Earlier this month, the Department of Health and Human Services (HHS) announced the next round of health care innovation grants that will allocate $1 billion for creative projects that focus on four specific payment and delivery reform models to fill in gaps that had been identified in an earlier round of grants. The new projects will look at how to: rapidly reduce costs for patients with Medicare and Medicaid in outpatient hospital and other settings; improve care for populations with specialized needs; test improved financial and clinical models for specific types of providers, including specialists; and link clinical care delivery to preventive and population health. HHS Secretary Kathleen Sebilius said that the awards will "continue to stimulate the ideas" needed to find "creative solutions to our health care system challenges."
The grants, knows as Health Care Innovation Awards, were made possible by the Affordable Care Act (ACA). Last year 107 grants were awarded under the program. For this round of grants, applicants should describe how multiple payers will work within the model and can introduce tests of scalability for the models. Letters of intent will be accepted in June, and grant applications will be accepted mid-June through mid-August.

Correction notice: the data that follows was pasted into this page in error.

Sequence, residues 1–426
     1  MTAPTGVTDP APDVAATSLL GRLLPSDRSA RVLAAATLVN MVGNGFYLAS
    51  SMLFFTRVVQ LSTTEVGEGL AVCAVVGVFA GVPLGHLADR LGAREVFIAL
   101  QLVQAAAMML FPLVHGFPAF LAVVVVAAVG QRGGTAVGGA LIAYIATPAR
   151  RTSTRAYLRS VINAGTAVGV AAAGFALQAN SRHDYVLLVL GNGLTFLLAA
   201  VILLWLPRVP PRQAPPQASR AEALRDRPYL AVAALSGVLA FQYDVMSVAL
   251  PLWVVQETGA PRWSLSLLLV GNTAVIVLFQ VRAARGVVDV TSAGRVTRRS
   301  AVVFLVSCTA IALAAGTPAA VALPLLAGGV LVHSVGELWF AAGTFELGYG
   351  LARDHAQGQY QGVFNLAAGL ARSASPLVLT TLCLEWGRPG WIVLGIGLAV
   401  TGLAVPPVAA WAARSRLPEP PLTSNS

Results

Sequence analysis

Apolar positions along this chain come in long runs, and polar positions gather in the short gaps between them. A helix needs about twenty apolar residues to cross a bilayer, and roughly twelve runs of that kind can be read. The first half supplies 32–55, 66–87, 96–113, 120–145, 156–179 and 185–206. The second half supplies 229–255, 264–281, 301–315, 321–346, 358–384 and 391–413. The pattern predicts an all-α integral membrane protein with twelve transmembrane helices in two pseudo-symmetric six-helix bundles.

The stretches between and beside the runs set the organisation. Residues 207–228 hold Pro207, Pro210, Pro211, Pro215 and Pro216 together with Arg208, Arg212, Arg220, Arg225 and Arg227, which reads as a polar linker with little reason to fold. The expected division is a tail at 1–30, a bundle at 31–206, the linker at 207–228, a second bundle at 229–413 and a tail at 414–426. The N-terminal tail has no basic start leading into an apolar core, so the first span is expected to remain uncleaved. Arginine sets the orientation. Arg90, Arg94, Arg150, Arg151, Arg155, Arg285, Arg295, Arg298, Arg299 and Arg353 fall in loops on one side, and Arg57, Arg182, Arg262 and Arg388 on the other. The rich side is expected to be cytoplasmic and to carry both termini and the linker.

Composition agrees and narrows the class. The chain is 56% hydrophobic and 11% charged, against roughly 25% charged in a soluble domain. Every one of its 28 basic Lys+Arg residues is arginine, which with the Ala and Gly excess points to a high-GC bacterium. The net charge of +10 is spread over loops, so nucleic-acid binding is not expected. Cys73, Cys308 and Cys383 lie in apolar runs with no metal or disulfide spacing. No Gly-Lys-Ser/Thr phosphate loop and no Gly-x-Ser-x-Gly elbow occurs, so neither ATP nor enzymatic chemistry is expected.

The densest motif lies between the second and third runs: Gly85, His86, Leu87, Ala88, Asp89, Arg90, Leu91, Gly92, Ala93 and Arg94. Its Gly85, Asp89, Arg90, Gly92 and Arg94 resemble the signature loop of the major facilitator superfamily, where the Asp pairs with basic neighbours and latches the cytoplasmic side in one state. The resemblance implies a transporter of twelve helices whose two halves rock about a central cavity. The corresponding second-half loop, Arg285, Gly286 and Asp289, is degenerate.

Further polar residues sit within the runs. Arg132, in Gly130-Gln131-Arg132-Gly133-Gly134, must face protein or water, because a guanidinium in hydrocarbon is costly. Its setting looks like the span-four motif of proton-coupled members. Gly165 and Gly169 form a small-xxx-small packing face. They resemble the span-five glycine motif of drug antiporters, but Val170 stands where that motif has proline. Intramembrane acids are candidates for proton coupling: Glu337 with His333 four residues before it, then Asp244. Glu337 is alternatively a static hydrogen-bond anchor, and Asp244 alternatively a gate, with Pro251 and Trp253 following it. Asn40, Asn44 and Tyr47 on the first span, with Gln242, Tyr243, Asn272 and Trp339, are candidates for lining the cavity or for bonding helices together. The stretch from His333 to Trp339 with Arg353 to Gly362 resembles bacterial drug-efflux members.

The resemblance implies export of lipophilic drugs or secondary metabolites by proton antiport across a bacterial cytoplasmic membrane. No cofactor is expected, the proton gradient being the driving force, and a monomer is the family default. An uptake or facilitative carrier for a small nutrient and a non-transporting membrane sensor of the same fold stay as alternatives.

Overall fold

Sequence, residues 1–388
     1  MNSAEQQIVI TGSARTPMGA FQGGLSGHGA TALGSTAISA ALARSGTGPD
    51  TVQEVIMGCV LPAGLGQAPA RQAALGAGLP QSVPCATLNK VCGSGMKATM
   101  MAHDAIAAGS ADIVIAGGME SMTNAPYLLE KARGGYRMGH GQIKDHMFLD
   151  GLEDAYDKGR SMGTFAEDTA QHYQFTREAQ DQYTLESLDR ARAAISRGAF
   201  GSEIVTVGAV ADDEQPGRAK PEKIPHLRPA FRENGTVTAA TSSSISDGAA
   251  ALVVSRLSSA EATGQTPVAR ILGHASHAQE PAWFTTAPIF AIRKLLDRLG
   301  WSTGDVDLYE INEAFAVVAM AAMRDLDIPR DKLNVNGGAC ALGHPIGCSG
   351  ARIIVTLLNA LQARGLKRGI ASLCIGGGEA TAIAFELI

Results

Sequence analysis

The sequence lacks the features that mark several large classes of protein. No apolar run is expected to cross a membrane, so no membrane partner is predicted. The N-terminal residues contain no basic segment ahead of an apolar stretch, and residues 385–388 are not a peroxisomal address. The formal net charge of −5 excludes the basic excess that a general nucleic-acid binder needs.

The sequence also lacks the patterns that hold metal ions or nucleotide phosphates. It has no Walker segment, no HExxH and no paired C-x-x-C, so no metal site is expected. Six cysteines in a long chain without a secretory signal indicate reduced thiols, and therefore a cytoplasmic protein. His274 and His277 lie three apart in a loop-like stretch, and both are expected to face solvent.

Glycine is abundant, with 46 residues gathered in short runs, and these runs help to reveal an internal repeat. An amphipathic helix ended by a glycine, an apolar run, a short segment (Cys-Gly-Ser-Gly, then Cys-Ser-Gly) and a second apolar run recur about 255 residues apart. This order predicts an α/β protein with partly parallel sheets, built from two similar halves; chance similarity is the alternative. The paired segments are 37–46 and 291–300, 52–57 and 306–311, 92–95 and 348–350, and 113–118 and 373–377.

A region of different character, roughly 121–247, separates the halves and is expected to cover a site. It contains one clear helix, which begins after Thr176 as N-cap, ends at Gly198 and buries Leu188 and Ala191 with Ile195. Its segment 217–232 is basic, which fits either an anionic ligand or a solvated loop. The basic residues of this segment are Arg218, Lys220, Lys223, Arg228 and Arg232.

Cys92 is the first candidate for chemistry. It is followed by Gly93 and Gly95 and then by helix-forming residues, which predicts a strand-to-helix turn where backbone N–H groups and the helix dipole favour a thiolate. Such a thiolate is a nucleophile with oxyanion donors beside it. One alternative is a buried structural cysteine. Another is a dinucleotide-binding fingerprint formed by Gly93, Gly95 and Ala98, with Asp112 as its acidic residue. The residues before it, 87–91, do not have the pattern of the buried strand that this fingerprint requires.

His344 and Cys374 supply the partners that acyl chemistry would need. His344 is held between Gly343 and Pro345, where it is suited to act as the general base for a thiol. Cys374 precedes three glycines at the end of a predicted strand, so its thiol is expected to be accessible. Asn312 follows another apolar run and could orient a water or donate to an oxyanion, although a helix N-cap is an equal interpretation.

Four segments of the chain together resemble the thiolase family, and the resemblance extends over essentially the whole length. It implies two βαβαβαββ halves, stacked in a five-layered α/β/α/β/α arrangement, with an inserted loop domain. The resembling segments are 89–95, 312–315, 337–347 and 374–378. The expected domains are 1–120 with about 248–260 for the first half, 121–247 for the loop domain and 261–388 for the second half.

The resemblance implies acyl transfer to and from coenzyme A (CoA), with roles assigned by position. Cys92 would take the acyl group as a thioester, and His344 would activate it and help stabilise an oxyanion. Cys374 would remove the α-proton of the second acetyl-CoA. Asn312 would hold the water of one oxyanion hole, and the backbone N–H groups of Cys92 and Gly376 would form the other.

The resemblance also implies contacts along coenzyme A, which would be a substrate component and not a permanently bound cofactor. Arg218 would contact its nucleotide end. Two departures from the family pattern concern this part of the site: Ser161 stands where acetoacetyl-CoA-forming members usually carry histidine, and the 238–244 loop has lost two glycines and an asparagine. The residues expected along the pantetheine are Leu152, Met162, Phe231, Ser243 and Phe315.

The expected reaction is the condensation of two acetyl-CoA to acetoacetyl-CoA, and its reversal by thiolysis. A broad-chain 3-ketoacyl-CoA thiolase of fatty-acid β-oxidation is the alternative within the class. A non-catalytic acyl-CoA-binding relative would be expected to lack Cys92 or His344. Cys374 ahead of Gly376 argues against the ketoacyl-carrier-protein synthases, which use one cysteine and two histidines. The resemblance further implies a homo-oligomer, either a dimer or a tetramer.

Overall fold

The CMS Innovation Center, which awards these grants, was established by the ACA. Rick Gilfillan, who has served as the Innovation Center's director since 2010, announced Friday he will leave the agency at the end of June. He will be replaced temporarily by Patrick Conway, who currently serves as the CMS Chief Medical Officer and Director of the Center for Clinical Standards and Quality.